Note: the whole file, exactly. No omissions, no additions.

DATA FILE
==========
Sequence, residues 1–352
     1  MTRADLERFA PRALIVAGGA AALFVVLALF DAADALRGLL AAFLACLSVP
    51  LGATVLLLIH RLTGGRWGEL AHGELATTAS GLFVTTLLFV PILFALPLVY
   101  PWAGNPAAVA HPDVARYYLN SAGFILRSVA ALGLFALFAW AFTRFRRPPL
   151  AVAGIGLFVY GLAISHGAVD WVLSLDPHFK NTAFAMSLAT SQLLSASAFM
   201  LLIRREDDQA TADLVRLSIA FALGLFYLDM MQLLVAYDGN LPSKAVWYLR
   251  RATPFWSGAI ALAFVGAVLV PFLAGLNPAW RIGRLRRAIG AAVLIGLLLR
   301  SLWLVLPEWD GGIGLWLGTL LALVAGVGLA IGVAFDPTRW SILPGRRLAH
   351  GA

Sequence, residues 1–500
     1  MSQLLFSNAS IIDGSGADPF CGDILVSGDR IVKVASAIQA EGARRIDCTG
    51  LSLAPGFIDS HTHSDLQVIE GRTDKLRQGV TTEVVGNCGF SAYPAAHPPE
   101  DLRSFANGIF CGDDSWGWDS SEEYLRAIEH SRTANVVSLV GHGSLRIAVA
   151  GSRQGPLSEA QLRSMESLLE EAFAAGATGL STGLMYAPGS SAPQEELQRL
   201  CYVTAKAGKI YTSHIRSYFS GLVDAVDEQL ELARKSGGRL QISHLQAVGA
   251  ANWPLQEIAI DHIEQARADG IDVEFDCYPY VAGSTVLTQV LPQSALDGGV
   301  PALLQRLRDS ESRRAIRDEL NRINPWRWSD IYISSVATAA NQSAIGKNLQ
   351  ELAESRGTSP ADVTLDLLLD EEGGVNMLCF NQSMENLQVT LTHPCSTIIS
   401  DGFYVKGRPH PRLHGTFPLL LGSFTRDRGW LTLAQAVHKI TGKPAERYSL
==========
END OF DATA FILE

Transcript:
Sequence, residues 1–352
     1  MTRADLERFA PRALIVAGGA AALFVVLALF DAADALRGLL AAFLACLSVP
    51  LGATVLLLIH RLTGGRWGEL AHGELATTAS GLFVTTLLFV PILFALPLVY
   101  PWAGNPAAVA HPDVARYYLN SAGFILRSVA ALGLFALFAW AFTRFRRPPL
   151  AVAGIGLFVY GLAISHGAVD WVLSLDPHFK NTAFAMSLAT SQLLSASAFM
   201  LLIRREDDQA TADLVRLSIA FALGLFYLDM MQLLVAYDGN LPSKAVWYLR
   251  RATPFWSGAI ALAFVGAVLV PFLAGLNPAW RIGRLRRAIG AAVLIGLLLR
   301  SLWLVLPEWD GGIGLWLGTL LALVAGVGLA IGVAFDPTRW SILPGRRLAH
   351  GA

Sequence, residues 1–500
     1  MSQLLFSNAS IIDGSGADPF CGDILVSGDR IVKVASAIQA EGARRIDCTG
    51  LSLAPGFIDS HTHSDLQVIE GRTDKLRQGV TTEVVGNCGF SAYPAAHPPE
   101  DLRSFANGIF CGDDSWGWDS SEEYLRAIEH SRTANVVSLV GHGSLRIAVA
   151  GSRQGPLSEA QLRSMESLLE EAFAAGATGL STGLMYAPGS SAPQEELQRL
   201  CYVTAKAGKI YTSHIRSYFS GLVDAVDEQL ELARKSGGRL QISHLQAVGA
   251  ANWPLQEIAI DHIEQARADG IDVEFDCYPY VAGSTVLTQV LPQSALDGGV
   301  PALLQRLRDS ESRRAIRDEL NRINPWRWSD IYISSVATAA NQSAIGKNLQ
   351  ELAESRGTSP ADVTLDLLLD EEGGVNMLCF NQSMENLQVT LTHPCSTIIS
   401  DGFYVKGRPH PRLHGTFPLL LGSFTRDRGW LTLAQAVHKI TGKPAERYSL